A couple recommendations for Spire would be to utilize a copper base, and also to mount the fan with a 15 to 25mm deep shroud, to distance it from the heatsink fins and reduce the dead zone as well as air turbulence noise. In the CoolGate, it is the proximity of the fan (right against the high-fin-density sink) that causes the majority of the air turbulence noise.

The Good

Hey, it's cheap. $25 is a heck of a lot less than a Hyper 6, SP-94 or even a Zalman 7000A-AlCu.

With the right mainboard, this cooler has lots of fun modding potential, including direct-to-exhaust ducting.

The light weight and compact design is very safe and highly compatible with a greater majority of installations, even in many tighter microATX cases that need to travel a great deal.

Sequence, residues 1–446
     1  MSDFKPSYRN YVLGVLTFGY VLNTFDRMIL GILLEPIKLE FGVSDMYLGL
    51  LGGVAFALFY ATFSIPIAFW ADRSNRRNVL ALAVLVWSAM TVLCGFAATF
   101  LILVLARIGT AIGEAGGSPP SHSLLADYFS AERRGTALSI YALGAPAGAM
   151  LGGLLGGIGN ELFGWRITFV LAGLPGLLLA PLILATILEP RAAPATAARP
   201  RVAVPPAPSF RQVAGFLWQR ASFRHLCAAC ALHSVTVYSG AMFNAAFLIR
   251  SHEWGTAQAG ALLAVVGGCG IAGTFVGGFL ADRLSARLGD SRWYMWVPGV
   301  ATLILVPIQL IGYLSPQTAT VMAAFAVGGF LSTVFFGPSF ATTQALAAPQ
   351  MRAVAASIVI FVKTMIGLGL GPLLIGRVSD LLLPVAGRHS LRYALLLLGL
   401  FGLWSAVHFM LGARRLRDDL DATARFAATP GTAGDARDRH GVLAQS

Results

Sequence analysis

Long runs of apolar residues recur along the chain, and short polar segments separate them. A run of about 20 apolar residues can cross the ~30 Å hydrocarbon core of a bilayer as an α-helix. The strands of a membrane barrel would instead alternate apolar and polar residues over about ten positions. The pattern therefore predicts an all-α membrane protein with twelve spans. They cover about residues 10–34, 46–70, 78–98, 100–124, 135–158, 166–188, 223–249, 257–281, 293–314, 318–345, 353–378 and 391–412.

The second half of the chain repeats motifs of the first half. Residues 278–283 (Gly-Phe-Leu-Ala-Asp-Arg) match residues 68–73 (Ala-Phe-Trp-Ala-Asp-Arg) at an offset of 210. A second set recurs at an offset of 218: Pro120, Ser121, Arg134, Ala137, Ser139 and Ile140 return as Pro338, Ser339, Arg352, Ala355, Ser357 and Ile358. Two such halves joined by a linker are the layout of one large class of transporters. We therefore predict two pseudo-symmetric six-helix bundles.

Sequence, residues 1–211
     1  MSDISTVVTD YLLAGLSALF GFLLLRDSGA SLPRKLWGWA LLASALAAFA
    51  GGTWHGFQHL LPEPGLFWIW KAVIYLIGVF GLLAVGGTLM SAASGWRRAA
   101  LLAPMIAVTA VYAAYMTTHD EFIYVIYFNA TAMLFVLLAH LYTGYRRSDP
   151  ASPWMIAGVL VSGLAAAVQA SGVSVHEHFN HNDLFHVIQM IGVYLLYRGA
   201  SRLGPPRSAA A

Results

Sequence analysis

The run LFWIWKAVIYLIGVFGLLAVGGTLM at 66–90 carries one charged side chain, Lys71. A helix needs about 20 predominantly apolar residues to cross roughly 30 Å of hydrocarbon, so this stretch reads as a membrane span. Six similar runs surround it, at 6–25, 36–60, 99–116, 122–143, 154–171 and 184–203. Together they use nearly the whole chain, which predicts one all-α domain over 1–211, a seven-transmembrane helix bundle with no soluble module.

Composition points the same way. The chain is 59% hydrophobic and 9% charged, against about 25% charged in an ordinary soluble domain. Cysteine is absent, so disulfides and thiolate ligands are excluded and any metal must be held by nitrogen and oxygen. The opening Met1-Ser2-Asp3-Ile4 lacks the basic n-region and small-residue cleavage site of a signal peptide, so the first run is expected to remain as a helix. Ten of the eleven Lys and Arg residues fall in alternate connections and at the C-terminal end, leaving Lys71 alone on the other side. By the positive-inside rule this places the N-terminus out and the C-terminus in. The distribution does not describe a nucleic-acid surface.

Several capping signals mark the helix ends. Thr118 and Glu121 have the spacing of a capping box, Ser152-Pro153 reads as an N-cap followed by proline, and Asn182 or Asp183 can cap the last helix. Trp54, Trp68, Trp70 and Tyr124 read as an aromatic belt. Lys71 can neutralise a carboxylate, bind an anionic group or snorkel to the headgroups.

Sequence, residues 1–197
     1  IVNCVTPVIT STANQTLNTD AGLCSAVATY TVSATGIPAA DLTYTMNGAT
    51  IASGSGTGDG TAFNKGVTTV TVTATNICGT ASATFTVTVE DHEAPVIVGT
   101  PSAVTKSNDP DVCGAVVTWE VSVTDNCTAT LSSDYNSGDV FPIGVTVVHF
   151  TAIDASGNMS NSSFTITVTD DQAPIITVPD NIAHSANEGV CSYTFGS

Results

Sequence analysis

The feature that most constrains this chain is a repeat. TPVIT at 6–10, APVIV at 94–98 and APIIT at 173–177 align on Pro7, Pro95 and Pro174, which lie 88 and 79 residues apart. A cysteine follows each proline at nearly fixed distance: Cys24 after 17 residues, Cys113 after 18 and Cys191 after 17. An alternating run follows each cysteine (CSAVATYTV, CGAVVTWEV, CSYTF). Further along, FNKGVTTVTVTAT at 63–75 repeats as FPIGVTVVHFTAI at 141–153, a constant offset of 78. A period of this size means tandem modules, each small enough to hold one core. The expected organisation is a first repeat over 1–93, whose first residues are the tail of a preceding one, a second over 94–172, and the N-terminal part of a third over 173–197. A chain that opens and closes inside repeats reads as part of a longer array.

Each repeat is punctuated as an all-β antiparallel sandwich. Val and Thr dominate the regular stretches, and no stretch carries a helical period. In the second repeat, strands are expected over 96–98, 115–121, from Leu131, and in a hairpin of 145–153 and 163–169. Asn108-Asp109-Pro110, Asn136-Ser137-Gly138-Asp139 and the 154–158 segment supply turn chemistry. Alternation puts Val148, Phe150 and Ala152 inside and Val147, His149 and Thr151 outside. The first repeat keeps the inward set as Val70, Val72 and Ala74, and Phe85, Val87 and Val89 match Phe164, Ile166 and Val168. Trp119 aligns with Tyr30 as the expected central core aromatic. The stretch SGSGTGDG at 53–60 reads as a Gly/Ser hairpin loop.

Tool-free mounting system is a joy to use.

The Bad

A great deal more difficult to use a non-stock fan than some other coolers, a few of which are similar in price.

A fan speed reduction device would been nice to include, like its same-priced brother, the Spire CoolWave.

The cooler, while capable, seems to rely on high airflow for its performance, most likely due to a combination of high fin density and the all-aluminum construction. The dual heatpipes can only do so much to help.

The Ugly

The stock, 70x70x15mm fan needs serious help. Were it easier to install an alternate fan, this wouldn't be such a big deal, but that's simply not the case here, and the sound quality of the stock fan is unacceptable.

Many thanks to Spire for providing this CoolGate sample.

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Discuss this review in the SPCR Forum.